The selection was followed by queuing up in front of your bank manager for a loan. No ‘yeh’ form, run back to home and get it. No ‘woh’ form, run back to the municipal office, bribe the clerk and get it signed by the officer. Seeing the prospect that you would be a big shot and pay up the loan in no time or the possibility that he could be reporting to you in the future, the loan was approved despite making you run.

Great Lakes, yew… Is there a b-school like that?

Great Lakes…. aww…. Nice name? Where is it?

Great Lakes…. Omg! You got through Great Lakes… Well, no one said that!

Well, Great Lakes, hell yeah. Here we are! 

Movie Review- Jilla

Jilla explored the hearts of the masses only to excavate high hope-dipped disappointment.

With 2 stalwarts adorning the crest of the movie, the story should have been crafted for sheer exuberance of talent. Jilla depicted how talent of the Indian pinnacle of acting, Mohanlal was wasted to its core.

With too many songs and many uninteresting sequences, the movie undertakes a vicious cycle of events, a never ending loop of unnecessary stuff.

Illayathalapathy Vijay was impressive with his charming smile but nothing out of the world. His acting seemed just way too common, the mass masala flavored one. His timing and flair for comedy has deteriorated over the years. Neason’s attempt to portray the policeman Vijay was nothing but sheer mockery for the whole police force. With the transformation to show what a police officer ought to be, Vijay’s mannerisms shows how a police officer should not be sans the sanctity of his mission.

Smoking and abusing was what Mohanlal’s role confined to. Portrayed as a don, Mohanlal’s Shiva would have opened doors of classic acting to Tail cinema, had the script had a better yielding character for him. A clear deviation from the Georgekuttys of the world, the paradigm shift of Lalettan from Dhrishyam to Jilla calls for utter disappointment for him to have chosen the script.

Kajal Agarwal was pretty on screen showing less skin and more khakhi. Merely used as a pretty prop to extend the duration of the movie, she was either seen making faces to Vijay or sporting that smile.

Of the other actors who shared screen space with the trio, antagonist Sampath steals the show with a small but effective portray of ruthlessness. Soori was cracking witty remarks that failed to induce nothing more than a curve of lips.

Direction, editing, songs etc. etc. has nothing to boast about. Too many songs spoiled the mood as the movie, if devoid of its extensions could have well be curtailed the movie to less than 150 minutes.

Verdict: A mass masala movie for Vijay fans. Expect nothing during the 182 minutes inside the theatre- then its Paisa Vasool.

Rating: 2/5

The Drenched Down Diaries

Did we just think that the rain got lighter?
We did. 
And that was the reason that we went out of the comforts of the restaurant we dined and left the shades and powered the lifeless unicorn.
Within the 1st minute of riding, I could feel my teeth chattering with the icy cold downpour over our heads. My breath was going in and out deeply with the chill creeping up my spine. I could feel my heart beating against my Adam’s apple. I could barely breathe as the chilly water droplets were taking its toll. . My eyes went to the auto-tightly-shut mode and my body curved to expose to the minimum amount of rain.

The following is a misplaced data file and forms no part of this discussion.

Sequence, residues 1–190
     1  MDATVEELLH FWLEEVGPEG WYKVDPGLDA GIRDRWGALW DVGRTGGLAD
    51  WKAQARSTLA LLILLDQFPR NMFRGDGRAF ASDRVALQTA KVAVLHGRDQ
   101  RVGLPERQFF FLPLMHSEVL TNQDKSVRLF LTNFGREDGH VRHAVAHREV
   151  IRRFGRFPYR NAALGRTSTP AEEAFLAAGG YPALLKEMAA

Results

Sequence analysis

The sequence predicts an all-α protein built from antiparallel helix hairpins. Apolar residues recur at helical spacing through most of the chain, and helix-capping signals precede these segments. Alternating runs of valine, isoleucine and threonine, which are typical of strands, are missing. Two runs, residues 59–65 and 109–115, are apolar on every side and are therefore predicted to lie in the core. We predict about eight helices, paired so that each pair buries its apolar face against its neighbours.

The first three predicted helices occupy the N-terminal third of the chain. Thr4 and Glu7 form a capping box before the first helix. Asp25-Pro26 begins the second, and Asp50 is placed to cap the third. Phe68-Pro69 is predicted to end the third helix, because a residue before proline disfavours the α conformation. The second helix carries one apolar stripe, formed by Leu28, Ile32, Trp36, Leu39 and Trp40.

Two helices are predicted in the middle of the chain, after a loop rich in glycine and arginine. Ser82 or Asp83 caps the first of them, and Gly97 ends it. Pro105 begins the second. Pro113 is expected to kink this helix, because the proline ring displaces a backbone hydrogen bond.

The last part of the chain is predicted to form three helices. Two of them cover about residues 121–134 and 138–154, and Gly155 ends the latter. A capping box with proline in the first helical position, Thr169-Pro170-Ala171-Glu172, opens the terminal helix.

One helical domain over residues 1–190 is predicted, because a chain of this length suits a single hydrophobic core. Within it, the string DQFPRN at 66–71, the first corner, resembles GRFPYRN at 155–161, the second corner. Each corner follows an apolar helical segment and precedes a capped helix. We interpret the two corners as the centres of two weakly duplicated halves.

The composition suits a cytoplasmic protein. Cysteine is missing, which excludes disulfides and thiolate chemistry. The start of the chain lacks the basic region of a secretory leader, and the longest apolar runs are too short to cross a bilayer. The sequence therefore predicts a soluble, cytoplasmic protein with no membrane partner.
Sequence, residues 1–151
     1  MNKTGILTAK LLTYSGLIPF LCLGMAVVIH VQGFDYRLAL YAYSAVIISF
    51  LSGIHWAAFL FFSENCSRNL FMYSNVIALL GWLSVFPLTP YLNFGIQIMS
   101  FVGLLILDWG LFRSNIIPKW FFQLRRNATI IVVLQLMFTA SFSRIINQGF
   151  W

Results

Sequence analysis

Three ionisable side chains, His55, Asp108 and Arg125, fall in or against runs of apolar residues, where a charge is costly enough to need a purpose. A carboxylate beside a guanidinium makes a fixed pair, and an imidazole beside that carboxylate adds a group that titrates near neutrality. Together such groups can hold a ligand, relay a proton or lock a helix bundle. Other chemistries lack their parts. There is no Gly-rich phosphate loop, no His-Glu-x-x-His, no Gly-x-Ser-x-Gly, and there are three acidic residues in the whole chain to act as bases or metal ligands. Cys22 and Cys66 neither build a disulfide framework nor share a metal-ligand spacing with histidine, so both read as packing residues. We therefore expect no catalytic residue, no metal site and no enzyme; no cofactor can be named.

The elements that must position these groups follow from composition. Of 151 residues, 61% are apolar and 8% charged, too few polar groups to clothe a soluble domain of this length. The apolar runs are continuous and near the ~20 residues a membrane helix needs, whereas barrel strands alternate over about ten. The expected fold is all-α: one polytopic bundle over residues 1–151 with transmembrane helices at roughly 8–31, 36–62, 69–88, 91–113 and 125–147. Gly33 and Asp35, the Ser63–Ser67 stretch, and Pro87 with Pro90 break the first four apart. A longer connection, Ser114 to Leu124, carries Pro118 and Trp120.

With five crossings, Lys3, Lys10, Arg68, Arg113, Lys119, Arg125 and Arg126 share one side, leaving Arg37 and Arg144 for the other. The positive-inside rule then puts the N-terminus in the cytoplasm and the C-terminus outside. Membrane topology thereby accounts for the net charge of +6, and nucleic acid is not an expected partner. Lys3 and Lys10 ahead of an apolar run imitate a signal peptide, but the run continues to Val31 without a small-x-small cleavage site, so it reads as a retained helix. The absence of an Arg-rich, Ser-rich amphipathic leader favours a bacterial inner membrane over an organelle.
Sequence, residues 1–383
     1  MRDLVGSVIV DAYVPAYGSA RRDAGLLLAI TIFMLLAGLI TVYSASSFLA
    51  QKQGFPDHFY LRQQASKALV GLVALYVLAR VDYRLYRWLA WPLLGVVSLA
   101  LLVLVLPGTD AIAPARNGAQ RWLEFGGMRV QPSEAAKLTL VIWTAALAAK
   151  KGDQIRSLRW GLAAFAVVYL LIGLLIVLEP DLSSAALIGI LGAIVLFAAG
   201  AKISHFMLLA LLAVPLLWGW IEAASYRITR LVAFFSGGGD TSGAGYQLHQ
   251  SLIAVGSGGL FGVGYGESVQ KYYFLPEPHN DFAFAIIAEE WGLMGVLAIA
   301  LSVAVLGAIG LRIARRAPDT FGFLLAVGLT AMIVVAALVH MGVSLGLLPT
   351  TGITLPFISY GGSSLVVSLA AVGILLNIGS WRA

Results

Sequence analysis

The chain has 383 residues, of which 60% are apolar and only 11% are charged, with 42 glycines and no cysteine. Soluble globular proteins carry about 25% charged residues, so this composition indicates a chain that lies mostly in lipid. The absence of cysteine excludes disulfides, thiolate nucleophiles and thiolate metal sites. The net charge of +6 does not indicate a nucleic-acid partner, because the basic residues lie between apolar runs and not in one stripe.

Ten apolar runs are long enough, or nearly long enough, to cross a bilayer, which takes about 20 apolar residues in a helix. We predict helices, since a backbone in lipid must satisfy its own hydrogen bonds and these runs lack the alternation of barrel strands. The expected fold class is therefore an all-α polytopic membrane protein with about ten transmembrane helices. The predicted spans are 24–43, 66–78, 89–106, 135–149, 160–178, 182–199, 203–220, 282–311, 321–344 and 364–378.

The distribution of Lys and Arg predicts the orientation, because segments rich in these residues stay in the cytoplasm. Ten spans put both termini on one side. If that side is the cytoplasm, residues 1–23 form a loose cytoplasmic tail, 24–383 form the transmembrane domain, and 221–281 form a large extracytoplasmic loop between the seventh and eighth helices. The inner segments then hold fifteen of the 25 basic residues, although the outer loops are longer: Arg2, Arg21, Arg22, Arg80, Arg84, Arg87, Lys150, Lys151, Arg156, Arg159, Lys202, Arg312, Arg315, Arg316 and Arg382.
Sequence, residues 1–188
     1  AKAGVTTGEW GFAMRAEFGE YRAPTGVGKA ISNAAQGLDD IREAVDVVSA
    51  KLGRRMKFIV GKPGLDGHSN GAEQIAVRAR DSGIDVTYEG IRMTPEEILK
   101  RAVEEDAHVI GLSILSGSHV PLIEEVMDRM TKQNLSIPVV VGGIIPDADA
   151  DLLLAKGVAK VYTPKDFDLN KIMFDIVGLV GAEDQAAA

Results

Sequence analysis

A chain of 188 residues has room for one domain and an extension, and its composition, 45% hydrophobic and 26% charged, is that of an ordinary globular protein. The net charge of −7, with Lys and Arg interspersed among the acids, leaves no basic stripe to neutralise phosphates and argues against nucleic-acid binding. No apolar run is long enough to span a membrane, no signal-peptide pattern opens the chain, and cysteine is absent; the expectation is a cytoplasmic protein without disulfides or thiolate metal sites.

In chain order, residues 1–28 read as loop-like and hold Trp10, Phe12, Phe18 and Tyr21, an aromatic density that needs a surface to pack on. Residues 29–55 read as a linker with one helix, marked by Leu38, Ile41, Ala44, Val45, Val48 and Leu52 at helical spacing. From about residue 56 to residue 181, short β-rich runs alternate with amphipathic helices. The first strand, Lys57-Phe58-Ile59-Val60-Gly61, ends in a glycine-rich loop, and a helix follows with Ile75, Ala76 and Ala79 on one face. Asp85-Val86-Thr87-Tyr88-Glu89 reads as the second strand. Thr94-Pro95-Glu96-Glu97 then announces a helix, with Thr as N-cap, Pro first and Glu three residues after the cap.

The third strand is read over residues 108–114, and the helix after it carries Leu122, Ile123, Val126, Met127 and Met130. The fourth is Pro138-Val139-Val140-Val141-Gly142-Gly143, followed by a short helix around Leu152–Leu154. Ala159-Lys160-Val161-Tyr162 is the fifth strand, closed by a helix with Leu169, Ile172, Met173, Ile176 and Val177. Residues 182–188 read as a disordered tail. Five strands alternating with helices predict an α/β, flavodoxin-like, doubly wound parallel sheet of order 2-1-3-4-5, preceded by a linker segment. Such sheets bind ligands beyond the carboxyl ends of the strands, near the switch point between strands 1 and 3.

We were drenched head to toe and were shivering. 
By the time the bike gathered speed, I could feel the rain letting its might on us with pins and needles poking us, faster the bike, higher the prickles. 
Soon, whole drench made us rebellious to the after-rain-side-effects. I suddenly started getting warm. My eyes were slowly opening and was auto-focusing to the pitch darkness, erred at times by the oncoming headlamps and the electrifying lightning. 
Every turn was to be made with utmost precision and care.

I was just thinking of the same-name-but-tirelessly-worked-up rider who braved all the hardships and was valiantly riding to the destination.

The Light that chose to Shine

The silhouette that emerged from the darkness to the light of the single bulb in the room was of an enervated fragile lady. Her eyes were shallow and effete. The under-eye black marks and a scar-smitten pockmarked face made her otherwise charming face seem hideous. The breeze edged her long locks of hair. The sequins on her shoddy suit were glimmering as the fan blades cut the sheen of the bulb above her head.

The surroundings of the police station created in her a sense of fear. The last few days in her life was grief stricken for her body, mind and soul. Till that day, she was a girl of substance. On that day, she was torn apart from the façade of life. She was brutally assaulted and put into shame by the maniac-flesh-loving-heartless-dwellers of the darkness yonder.

The fighter in her freed herself from the clutches of the cables and cords of the dingy methylated spirit-smelling corridors of the hospital.

She was a rape victim, raped once, forsaken by humanity put to rest.

She was not raped once, but every eye that fell onto her dishevelled face gave her a glaring stare. She was getting raped psychologically by her kith and kin. Every look with pity at pittance was raping her. The whole world was putting her through an excruciating pain.

The number was piling on. Every look on her was raping her over and over.

The demeanour and individuality that she possessed had all been sacrificed at the stake. The interrogating policeman with a raised eyebrow and sly smile left her to tears after an eyeing attempt to capitalize on her lost chaste.

The hovering crowd at the gates of the police station wanted to see the rape victim. To see a sad and totally lost person burst to tears, to appease their sadistic hunger at her expense, to rape her all over with their callous eyes, she had to see it all.